- Where does the writer’s role begin and end?
- Compare to novels, plays, short stories.
- What do all forms have in common?
Classroom activity. Turn a prose scene into a screenplay scene.
The 3 act structure.
- Scenes as part of sequences as part of acts as part of overall script.
- Turning points
- Character development
- Relationship changes.
- Story Twists
- Dramatic Tension
- What do we mean by it?
- How does story differ from plot?
- Do screen stories differ from stories told through other mediums?
- How to turn an idea into a story?
Classroom activity. Take an idea from current events and adapt them to a story for the screen and for prose. How do the different modes of expression affect our thought processes?
6. Genre. What do we mean? What are they?
- How would the same story be approached by different genre’s? What are the main characteristics of each genre?
iii. Sci Fi
iv. Action adventure
- How useful is the concept of ‘genre’? cf Wiki.
Classroom activity: Take a familiar story – eg Red Riding Hood and tell it in two different genres.
7. Character and dialogue.
- . How does an audience get to know character?
- What engages us about a character?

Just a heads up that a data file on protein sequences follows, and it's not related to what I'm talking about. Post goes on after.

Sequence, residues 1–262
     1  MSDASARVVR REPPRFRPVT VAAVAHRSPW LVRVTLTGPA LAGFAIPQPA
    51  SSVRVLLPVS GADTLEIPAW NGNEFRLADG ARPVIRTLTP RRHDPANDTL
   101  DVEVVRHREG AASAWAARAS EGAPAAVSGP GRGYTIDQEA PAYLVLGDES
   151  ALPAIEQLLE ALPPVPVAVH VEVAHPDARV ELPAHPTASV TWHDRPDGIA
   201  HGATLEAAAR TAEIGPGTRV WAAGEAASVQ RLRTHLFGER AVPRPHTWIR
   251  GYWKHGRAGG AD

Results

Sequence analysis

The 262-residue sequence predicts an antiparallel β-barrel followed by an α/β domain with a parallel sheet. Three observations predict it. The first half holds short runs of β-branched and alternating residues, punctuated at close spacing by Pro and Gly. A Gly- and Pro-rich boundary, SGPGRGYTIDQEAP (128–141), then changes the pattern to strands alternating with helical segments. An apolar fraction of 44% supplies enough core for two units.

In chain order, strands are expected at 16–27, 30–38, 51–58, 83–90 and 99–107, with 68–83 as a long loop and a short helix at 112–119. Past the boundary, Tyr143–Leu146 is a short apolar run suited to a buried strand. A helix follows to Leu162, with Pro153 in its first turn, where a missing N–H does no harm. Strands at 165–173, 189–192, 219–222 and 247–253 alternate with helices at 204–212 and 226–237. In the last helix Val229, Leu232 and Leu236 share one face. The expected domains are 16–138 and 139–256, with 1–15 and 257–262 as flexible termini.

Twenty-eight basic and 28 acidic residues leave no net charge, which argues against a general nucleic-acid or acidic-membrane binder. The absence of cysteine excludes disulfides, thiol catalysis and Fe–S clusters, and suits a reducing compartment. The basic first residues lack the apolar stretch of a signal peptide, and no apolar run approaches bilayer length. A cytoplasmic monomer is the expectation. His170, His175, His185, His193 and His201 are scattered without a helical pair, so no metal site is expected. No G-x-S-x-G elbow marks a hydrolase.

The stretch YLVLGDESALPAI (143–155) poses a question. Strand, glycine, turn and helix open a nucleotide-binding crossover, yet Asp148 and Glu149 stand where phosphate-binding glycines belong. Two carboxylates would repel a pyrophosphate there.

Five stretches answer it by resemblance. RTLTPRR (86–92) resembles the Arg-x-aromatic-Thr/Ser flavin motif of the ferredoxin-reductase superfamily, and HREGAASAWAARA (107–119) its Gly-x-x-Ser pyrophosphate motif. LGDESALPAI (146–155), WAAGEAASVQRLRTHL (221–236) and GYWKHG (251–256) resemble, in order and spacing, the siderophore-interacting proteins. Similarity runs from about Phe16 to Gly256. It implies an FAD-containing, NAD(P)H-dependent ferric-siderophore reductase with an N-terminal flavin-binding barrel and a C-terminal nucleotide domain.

- What are some of the great screen characters?
ii. How did they engage us?
iii. Do they have anything in common?
- Classroom activity. Look at the first 10 minutes of a number of films. What have we discovered to this point about the characters?
- How has the script conveyed character?
- How much of what we have picked up is script based and how much comes from the actor?
- Compare the screenplays with the finished film.
- What is special about screen dialogue?
- Is there a difference between TV and film dialogue?
- What do some of the screenwriting gurus have to say about screen dialogue.
- Does dialogue only refer to what is said? Or should we also consider what is not said?
Classroom activity: Summarise three theories of screen dialogue and apply them to the first ten minutes of a film.
8. Assignment feedback. And then.. ..........
What ‘works’ for you, and why?
- Discuss a film you like a lot. What do you like about it? Look at the film in terms of the elements we’ve been discussing. Can you explain the film’s appeal objectively? Is there also some other ingredient that gives the film it’s magic?
- Discuss a film you don’t like. Why?
- Consider the following attributes: